Reiss-Brennan
B
,
Brunisholz
KD
,
Dredge
C
, et al
.
Association of integrated team-based care with health care quality, utilization, and cost
.
JAMA
2016
;
316
:
826
834
25.
Siaw
MYL
,
Lee
JY
.
Multidisciplinary collaborative care in the management of patients with uncontrolled diabetes: a systematic review and meta-analysis
.
Int J Clin Pract
2019
;
73
:
e13288
26.
Grumbach
K
,
Bainbridge
E
,
Bodenheimer
T
.
Facilitating improvement in primary care: the promise of practice coaching
.
Issue Brief (Commonw Fund)
2012
;
15
:
1
14
27.
Wang
A
,
Pollack
T
,
Kadziel
LA
, et al
.
Impact of practice facilitation in primary care on chronic disease care processes and outcomes: a systematic review
.
J Gen Intern Med
2018
;
33
:
1968
1977
28.
Dickinson
WP
,
Dickinson
LM
,
Nutting
PA
, et al
.
Practice facilitation to improve diabetes care in primary care: a report from the EPIC randomized clinical trial
.
Ann Fam Med
2014
;
12
:
8
16
29.
Parchman
ML
,
Noel
PH
,
Culler
SD
, et al
.
A randomized trial of practice facilitation to improve the delivery of chronic illness care in primary care: initial and sustained effects
.
Implement Sci
2013
;
8
:
93
30.
Bolen
SD
,
Love
TE
,
Einstadter
D
, et al
.
Improving regional blood pressure control: a positive deviance tiered intensity approach
.
J Gen Intern Med
2021
;
36
:
1591
1597
31.
Norris
SL
,
Chowdhury
FM
,
Van Le
K
, et al
.
Effectiveness of community health workers in the care of persons with diabetes
.
Diabet Med
2006
;
23
:
544
556
32.
Palmas
W
,
March
D
,
Darakjy
S
, et al
.
Community health worker interventions to improve glycemic control in people with diabetes: a systematic review and meta-analysis
.
J Gen Intern Med
2015
;
30
:
1004
1012
33.
Centers for Medicare & Medicaid Services
.
Medicaid and children’s health insurance programs: essential health benefits in alternative benefit plans, eligibility notices, fair hearing and appeal processes, and premiums and cost sharing; exchanges: eligibility and enrollment; final rule
. .
34.
Centers for Medicare & Medicaid Services
.
SHO# 21-001 RE: Opportunities in Medicaid and CHIP to address social determinants of health (SDOH)
.
35.
Heitkemper
EM
,
Mamykina
L
,
Travers
J
,
Smaldone
A
.
Do health information technology self-management interventions improve glycemic control in medically underserved adults with diabetes? A systematic review and meta-analysis
.
J Am Med Inform Assoc
2017
;
24
:
1024
1035
36.
HRSA Health Center Program
.
Diabetes and Health Centers
.
37.
HRSA Health Center Program
.
2014 Health Center Patient Survey
.
38.
Baldwin
LM
,
Hollow
WB
,
Casey
S
, et al
.
Access to specialty health care for rural American Indians in two states
.
J Rural Health
2008
;
24
:
269
278
39.
Nakamura
Y
,
Laberge
M
,
Davis
A
,
Formoso
A
.
Barriers and strategies for specialty care access through federally qualified health centers: a scoping review
.
J Health Care Poor Underserved
2019
;
30
:
910
933
40.
Cook
NL
,
Hicks
LS
,
O’Malley
AJ
,
Keegan
T
,
Guadagnoli
E
,
Landon
BE
.
Access to specialty care and medical services in community health centers
.
Health Aff (Millwood)
2007
;
26
:
1459
1468
41.
Lipska
KJ
,
Ross
JS
,
Wang
Y
, et al
.
National trends in US hospital admissions for hyperglycemia and hypoglycemia among Medicare beneficiaries, 1999 to 2011
.
JAMA Intern Med
2014
;
174
:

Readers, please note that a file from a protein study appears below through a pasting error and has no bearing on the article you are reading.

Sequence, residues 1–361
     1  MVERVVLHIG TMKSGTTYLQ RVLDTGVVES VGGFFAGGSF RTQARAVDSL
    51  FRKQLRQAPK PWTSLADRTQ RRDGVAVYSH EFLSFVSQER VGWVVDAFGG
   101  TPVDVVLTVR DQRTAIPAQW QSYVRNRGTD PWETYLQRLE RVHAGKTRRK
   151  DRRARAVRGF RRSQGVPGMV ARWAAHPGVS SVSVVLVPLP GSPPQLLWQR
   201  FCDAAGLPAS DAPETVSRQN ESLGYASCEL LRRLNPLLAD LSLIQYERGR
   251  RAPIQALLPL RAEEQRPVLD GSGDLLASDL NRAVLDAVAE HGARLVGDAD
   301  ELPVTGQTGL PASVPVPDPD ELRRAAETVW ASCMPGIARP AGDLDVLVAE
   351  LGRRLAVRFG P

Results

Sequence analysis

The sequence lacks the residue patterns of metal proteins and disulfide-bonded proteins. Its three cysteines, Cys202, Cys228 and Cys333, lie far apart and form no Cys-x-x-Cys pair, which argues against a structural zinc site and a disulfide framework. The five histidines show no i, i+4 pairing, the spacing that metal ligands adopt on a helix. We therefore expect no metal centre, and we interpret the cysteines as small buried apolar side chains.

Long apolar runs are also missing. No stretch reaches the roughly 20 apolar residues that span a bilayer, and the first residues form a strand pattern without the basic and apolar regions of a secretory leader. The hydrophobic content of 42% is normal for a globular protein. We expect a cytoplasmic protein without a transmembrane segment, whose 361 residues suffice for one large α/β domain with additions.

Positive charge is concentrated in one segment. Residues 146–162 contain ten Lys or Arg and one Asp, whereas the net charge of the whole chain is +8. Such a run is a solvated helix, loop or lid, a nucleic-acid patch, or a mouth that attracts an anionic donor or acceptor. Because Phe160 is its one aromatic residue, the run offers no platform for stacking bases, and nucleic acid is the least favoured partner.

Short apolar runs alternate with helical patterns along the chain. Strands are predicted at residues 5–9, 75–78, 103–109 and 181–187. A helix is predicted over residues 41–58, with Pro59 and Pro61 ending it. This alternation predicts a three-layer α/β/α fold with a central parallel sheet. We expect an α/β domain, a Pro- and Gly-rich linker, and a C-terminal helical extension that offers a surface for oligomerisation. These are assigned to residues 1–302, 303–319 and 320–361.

1116
1124
42.
IBM Watson Health
.
Micromedex (electronic version)
.
Greenwood Village, CO, IBM Watson Health. Accessed 8 February 2022. Available from https://www.ibm.com/watson-health/about/micromedex
43.
Herkert
D
,
Vijayakumar
P
,
Luo
J
, et al
.
Cost-related insulin underuse among patients with diabetes
.
JAMA Intern Med
2019
;
179
:
112
114
44.
American Diabetes Association
.
Economic costs of diabetes in the U.S. in 2007
.
Diabetes Care
2008
;
31
:
596
615
45.
Vojta
D
,
De Sa
J
,
Prospect
T
,
Stevens
S
.
Effective interventions for stemming the growing crisis of diabetes and prediabetes: a national payer’s perspective
.
Health Aff (Millwood)
2012
;
31
:
20
26
46.
Karter
AJ
,
Stevens
MR
,
Herman
WH
, et al.;
Translating Research Into Action for Diabetes Study Group
.
Out-of-pocket costs and diabetes preventive services: the Translating Research Into Action for Diabetes (TRIAD) study
.
Diabetes Care
2003
;
26
:
2294
2299
47.
Powers
MA
,
Bardsley
JK
,
Cypress
M
, et al
.
Diabetes self-management education and support in adults with type 2 diabetes: a consensus report of the American Diabetes Association, the Association of Diabetes Care & Education Specialists, the Academy of Nutrition and Dietetics, the American Academy of Family Physicians, the American Academy of PAs, the American Association of Nurse Practitioners, and the American Pharmacists Association
.
Diabetes Care
2020
;
43
:
1636
1649
48.
Peters
DH
,
Adam
T
,
Alonge
O
,
Agyepong
IA
,
Tran
N
.
Implementation research: what it is and how to do it
.
BMJ
2013
;
347
:
f6753
49.
Institute of Medicine
.
Crossing the Quality Chasm: A New Health System for the 21st Century
.
Washington, DC
,
The National Academies Press
,
2001
50.
Sieck
CJ
,
Sheon
A
,
Ancker
JS
,
Castek
J
,
Callahan
B
,
Siefer
A
.
Digital inclusion as a social determinant of health
.
NPJ Digit Med
2021
;
4
:
52
51.
Cortelyou-Ward
K
,
Atkins
DN
,
Noblin
A
,
Rotarius
T
,
White
P
,
Carey
C
.
Navigating the digital divide: barriers to telehealth in rural areas
.
J Health Care Poor Underserved
2020
;
31
:
1546
1556
52.
Osmanlliu
E
,
Johari
R
,
Scheinker
D
.
Health and healthcare disparities associated with the digital divide
.
Accessed 1 February 2022. Available from https://deepblue.lib.umich.edu/handle/2027.42/166083
53.
Rodriguez
JA
,
Lipsitz
SR
,
Lyles
CR
,
Samal
L
.
Association between patient portal use and broadband access: a national evaluation
.
J Gen Intern Med
2020
;
35
:
3719
3720
Readers may use this article as long as the work is properly cited, the use is educational and not for profit, and the work is not altered. More information is available at https://www.diabetesjournals.org/journals/pages/license.